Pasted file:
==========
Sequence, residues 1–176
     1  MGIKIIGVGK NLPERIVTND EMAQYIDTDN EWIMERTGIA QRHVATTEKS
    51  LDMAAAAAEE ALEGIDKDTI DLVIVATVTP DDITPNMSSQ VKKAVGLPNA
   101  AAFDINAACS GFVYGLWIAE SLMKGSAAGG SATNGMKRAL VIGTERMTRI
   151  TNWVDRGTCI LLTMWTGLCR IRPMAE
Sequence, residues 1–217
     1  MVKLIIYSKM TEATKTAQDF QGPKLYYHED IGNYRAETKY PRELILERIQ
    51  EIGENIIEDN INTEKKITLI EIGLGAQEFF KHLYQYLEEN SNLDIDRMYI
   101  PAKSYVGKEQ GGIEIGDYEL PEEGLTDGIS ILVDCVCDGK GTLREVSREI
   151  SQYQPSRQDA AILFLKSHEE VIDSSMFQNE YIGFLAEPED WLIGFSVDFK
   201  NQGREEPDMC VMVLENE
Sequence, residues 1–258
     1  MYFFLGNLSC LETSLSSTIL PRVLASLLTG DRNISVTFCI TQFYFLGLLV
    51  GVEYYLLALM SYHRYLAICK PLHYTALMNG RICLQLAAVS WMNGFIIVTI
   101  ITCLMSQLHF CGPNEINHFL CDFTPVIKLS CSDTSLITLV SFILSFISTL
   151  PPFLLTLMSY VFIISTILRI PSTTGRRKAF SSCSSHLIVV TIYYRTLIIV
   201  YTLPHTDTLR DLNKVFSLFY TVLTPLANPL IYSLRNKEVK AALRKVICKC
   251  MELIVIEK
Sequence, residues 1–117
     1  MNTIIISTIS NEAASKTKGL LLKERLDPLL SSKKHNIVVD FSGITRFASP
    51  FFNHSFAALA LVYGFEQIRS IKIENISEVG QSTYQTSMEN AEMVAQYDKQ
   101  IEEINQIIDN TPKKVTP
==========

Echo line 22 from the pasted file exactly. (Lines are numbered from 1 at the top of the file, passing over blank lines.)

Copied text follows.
   101  IEEINQIIDN TPKKVTP